I hope somebody else saw Casey Wian and Bill Tucker's report for Lou Dobbs on CNN this week regarding the rise of the new sanctuary movement among religious leaders in the U.S. Click on the post title for the transcript (scroll halfway down). The tone of Tucker's voice, unfortunately, was what really made it for me. He sounded downright disgusted.
I am not a big fan of Lou Dobbs and his show. First of all, I think my mother nailed it when she muttered "That man's angling to run for something," as we paused on his show on night. He does seem like he's working very hard to hit an awful lot of the right notes not to be an eventual candidate for some office. Also, some of the reports I watched on his show are like FOX-lite; not as downright xenophobic, jingoistic, fear-mongering, etc. as some of the other guys, but enough to leave a bad taste in my mouth. Like polite racism; smarter packaging, gentler delivery, but still revolting.
Here's an example of what Bill Tucker felt was unbiased reporting:
"And so say the leaders of the new sanctuary movement, are positioning themselves, not only in opposition to immigration law, but also, the sovereignty of the United States."
Dobbs then reminded viewers of the audience poll: "Tonight's poll, our question is straightforward. Do you believe the political adventurism of our religious leaders is now a threat to our constitution and the doctrine of separation of church and state? Yes or no."
For those of you that aren't familiar with the term, the sanctuary movement was an organized response, primarily led by faith communities, to the influx of undocumented refugees fleeing the bloody civil wars in Central America in the early '80s. Instead of leaving people to fend for themselves or be shipped back to death squads and military juntas, people in this country rallied to face the challenge of a humanitarian crisis. Google "El Mazote" or "University of Central America massacre" or "Rio Negro". This was the front-page news of my childhood growing up in Miami and it left an impression on me.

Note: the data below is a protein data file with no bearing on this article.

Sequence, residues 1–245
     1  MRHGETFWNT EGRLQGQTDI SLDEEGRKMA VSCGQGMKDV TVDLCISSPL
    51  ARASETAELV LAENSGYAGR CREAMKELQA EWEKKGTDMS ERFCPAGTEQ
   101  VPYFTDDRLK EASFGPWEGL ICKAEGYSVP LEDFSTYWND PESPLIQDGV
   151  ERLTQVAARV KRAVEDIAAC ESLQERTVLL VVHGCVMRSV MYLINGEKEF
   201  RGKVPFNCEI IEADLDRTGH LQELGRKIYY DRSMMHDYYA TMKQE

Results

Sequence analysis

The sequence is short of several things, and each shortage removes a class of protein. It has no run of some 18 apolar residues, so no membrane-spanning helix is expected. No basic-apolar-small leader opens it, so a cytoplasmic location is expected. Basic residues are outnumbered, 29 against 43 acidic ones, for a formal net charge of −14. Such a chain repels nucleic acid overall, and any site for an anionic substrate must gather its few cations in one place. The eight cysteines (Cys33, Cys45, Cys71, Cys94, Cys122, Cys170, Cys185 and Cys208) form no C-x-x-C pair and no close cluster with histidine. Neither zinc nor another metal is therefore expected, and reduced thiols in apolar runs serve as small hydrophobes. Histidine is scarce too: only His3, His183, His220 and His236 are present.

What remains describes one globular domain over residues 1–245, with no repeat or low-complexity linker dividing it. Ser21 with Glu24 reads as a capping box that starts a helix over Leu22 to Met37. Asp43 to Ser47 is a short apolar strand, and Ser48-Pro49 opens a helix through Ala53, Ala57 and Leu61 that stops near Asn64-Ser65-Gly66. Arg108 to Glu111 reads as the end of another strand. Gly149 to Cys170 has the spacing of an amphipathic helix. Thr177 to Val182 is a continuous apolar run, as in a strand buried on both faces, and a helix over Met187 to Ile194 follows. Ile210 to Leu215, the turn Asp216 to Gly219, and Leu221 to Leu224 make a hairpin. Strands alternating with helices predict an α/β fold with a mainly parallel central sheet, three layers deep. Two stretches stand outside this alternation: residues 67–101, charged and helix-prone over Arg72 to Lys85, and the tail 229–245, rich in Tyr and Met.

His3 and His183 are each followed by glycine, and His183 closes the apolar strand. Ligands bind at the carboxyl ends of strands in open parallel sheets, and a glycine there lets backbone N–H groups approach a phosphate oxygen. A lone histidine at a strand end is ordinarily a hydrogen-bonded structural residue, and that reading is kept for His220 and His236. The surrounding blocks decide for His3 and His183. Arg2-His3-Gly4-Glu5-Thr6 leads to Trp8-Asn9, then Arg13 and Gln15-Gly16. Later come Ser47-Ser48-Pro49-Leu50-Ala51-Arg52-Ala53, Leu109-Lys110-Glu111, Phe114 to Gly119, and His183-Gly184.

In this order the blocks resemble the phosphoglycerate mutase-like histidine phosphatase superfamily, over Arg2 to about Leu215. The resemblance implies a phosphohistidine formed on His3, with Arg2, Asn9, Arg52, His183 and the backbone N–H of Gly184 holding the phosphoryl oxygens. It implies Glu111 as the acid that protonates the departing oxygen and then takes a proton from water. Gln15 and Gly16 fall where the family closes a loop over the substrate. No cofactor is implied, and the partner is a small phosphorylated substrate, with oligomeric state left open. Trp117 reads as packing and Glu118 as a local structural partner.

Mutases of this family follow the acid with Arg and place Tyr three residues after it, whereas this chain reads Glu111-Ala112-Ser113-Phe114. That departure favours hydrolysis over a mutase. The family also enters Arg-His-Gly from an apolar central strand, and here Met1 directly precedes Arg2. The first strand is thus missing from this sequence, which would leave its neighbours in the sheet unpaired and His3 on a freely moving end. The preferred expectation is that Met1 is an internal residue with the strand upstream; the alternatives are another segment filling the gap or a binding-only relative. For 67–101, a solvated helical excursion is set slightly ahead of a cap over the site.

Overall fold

Now with the U.S. government and a large portion of the citizenry on this latest anti-immigrant tear that has seen a 20% rise in deportations in the last year alone (NY Times), which I believe is wrapped up with an atmosphere of xenophobia and general "anti-foreigner" undercurrent, the call has gone out again to all faith communities to join together in the effort.
No one disputes that the immigration system needs to be fixed. Consider that it was intimidating and frustrating for me and my then-husband and we both have college degrees, speak English, and had the financial resources to pay the exorbitant fees and hire a lawyer to assist us. And no one disputes that there are serious issues to be resolved as to provision of services for undocumented workers and their families. Militarization of the border, a wall, fear mongering, short-sighted so-called "solutions" will not provide these answers.